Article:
Tuesday, March 27, 2007

Talking Alphabet Hair

Diversity at its best: We were watching a Sesame Street episode where the Baby Bear character is getting his first haircut (ironically, about two hours after Q's haircut), and he asks the barber if he has ever cut bear hair. The barber responds, "Oh sure, I get a lot of business from Sesame Street. I cut human hair, animal hair, monster hair, even talking alphabet hair. All kinds of hair!"

Following the educational principles of Sesame Street, I'm going to make a strained segue into a video for those of you who are interested in education and creativity. It's about twenty minutes long, but worth it – thought-provoking content mixed with dry wit.

Are we "educating our children out of creativity" as the speaker proposes? How can we nurture their strengths, especially if they aren't in the norm of what is prized in school? The video clip is from TED, a legendary conference on Technology, Entertainment, Design, where Sir Ken Robinson points out that public education didn't exist before the 19th century, and it was created to serve the newly industrializing societies. Certain subjects were prized because they gave students the skills to get a job – writing and mathematics, for instance, rather than the arts and humanities.

SwingDaddy and I talked about this tonight. Technology has made the dissemination of information so fast, that a person no longer has to climb on top of the mountain of industry, to win the corporate game, before he or she has a chance to flourish creatively. Instead, post a video to YouTube, write a blog, make a stunning web page, or even found a tech startup . . . like YouTube or Blogger.

Now more than ever, people have an opportunity to make or follow change as fast as it's happening. This ability to innovate, to think beyond what is currently defined, is the skill children need to learn in order to be successful in the next 20, 30, 100 years. We will do our best to help Q thrive in traditional academics, but it's just as important for us to remember to give him space and encouragement to play music and pursue passions. Who knows where those will lead?


Bon said...

i will admit i skipped the video as i know O's about to wake up any minute and i hate to start what i can't finish, but i'll go back and check it out later.

i will say that i'm very much with you on the lag between systemic education and innovation. i spent part of last year teaching an M.Ed course to teachers and, while i am a teacher myself and have respect for the profession, found that questions of innovation left me generally beating my head against the wall. our tradition of schooling was built on a military model and is still heavily focused on issues of crowd control and rote learning, even when the very best of teachers make gargantuan efforts to make the classroom a creative and nurturing place.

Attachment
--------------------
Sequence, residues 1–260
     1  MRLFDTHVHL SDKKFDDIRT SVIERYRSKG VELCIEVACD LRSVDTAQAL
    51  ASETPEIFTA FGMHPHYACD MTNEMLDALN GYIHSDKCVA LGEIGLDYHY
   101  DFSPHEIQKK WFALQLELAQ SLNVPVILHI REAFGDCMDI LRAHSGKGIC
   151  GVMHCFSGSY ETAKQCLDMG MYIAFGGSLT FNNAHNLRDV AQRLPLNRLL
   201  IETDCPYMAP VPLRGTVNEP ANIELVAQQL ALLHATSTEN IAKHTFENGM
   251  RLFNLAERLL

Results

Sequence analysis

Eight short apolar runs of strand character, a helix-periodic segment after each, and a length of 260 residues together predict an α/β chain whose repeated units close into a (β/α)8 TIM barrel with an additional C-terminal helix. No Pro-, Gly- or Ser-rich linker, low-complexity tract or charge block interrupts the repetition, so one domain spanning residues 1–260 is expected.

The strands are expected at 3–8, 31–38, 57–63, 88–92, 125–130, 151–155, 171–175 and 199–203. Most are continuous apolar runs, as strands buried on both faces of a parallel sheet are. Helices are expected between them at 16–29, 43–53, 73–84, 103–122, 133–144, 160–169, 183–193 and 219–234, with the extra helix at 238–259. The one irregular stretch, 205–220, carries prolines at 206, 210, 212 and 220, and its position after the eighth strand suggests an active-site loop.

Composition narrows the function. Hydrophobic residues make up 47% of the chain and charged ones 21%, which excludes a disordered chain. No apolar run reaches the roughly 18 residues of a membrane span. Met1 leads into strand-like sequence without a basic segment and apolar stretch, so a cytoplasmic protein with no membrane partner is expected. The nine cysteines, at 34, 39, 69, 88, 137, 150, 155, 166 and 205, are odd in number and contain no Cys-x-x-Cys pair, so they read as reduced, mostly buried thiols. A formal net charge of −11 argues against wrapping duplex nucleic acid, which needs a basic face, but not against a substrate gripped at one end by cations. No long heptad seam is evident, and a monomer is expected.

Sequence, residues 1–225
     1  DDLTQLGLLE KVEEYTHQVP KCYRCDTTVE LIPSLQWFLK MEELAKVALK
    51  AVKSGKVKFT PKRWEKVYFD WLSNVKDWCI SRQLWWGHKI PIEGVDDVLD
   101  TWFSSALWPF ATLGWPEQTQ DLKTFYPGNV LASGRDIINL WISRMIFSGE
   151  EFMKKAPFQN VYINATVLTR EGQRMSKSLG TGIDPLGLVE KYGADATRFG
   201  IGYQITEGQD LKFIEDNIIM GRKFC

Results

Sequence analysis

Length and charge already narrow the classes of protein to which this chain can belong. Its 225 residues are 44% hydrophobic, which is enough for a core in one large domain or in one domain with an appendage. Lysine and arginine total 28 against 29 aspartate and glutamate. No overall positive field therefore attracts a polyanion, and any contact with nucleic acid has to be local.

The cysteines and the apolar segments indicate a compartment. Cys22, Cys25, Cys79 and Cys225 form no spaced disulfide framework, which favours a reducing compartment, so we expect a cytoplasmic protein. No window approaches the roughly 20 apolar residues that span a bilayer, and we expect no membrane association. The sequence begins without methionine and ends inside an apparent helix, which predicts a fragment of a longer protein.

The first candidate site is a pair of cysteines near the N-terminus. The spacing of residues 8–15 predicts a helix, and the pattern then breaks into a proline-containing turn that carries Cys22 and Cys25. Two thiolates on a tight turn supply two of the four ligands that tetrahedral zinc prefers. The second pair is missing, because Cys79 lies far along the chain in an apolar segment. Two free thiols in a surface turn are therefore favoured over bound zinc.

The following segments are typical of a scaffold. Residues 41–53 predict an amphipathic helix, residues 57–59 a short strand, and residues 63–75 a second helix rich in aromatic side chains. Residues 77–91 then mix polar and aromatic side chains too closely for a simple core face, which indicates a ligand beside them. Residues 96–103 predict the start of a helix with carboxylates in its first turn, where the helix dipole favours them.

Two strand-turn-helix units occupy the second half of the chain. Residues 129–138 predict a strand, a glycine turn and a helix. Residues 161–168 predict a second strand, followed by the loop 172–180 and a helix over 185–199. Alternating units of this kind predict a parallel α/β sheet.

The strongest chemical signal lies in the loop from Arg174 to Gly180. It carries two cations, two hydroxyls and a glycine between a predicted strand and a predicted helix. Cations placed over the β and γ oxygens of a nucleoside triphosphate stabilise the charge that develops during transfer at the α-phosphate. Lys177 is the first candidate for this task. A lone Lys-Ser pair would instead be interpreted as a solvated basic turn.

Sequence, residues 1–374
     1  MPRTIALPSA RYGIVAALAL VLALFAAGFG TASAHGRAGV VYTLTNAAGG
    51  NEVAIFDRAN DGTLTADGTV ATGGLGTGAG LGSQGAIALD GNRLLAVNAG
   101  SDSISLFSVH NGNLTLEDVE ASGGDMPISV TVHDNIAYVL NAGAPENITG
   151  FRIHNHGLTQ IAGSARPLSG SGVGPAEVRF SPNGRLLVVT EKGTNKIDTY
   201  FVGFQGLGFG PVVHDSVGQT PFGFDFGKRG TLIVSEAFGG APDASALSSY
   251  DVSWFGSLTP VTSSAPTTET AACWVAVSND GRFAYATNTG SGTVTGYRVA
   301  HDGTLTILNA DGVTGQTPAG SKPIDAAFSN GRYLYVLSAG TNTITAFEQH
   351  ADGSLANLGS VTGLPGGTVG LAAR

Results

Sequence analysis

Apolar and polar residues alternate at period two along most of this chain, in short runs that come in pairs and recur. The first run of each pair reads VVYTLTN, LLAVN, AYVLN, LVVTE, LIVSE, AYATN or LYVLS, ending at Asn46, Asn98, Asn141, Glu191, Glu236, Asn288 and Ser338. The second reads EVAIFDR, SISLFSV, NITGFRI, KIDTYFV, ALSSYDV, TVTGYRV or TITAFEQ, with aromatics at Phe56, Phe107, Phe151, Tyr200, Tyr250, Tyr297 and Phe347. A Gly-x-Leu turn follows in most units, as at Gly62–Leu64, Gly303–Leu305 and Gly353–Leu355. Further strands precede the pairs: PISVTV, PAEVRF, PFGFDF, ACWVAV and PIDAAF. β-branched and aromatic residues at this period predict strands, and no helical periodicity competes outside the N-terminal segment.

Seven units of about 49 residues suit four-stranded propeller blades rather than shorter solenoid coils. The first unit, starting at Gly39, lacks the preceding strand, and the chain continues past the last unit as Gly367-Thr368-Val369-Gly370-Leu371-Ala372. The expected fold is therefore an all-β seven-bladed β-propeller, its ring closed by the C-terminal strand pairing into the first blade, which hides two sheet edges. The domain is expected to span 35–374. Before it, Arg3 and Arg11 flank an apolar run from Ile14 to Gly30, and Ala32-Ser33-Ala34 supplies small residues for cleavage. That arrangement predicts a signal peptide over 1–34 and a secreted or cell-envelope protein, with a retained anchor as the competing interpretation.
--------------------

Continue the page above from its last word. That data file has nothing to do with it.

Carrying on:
we teach kids to sit down and follow rules and learn to work independently, and increasingly spring them on a world asking them to collaborate and innovate. the two simply don't jive.

Bon said...

and now...he's awake!

Mike said...

If I can be so bold as to make a book suggestion. Richard Louv wrote Last Child in the Woods and proposed a fascinating idea: our kids have lost their ability to be creative because they don’t spend any time outside experiencing free play. It's a brilliant book- he suggests the ADHD epidemic is caused by our structuring our kids lives from sun up to sun down, and never letting kids have any free play where they make choices and deal with the outcomes. They also no long have access to wild outdoor places where kids are only bound by their own creativity. There's a whole national network of outdoor ed providers that are responding to the book to try to change the way we let kids play. Interesting stuff.

Mayberry said...

Great point. Another reason to fear NCLB and all the ridiculous testing our kids are subject to - it leaves no time for open-ended play and learning.

My work site has an interview with Louv: http://content.scholastic.com/browse/article.jsp?id=10208

Occidental Girl said...

I agree with you on this. Hoo boy, if there was a topic I could go on (and on and on) about, it's education!

Arts and music are so important, and so is reading and writing. But why, praytell, is my Kindergartner spending 15 minutes out of her scant 2 1/2 hour schoolday on "technology"?

While I think it's great for older children to use the computer at school, it is a tool. I mean, Kindergarten!

Getting outside is a good point, too. Remember The Simpson's episode where the kids went outside for once instead of playing video games, and blinked so much because they were not used to the outdoor light?

Yeah, like that...

Bob said...

Great "video" from Ken Robinson.

Lady M said...

Mike and Mayberry - thanks for sharing the info on Louv's book. I've heard of it before, but I'm in a better place to appreciate it now.

Bon and Occidental Girl- For all that everyone claims education is so important, it'd odd how it gets implemented, doesn't it!

Dad - thanks for supporting both our academic and artistic endeavours!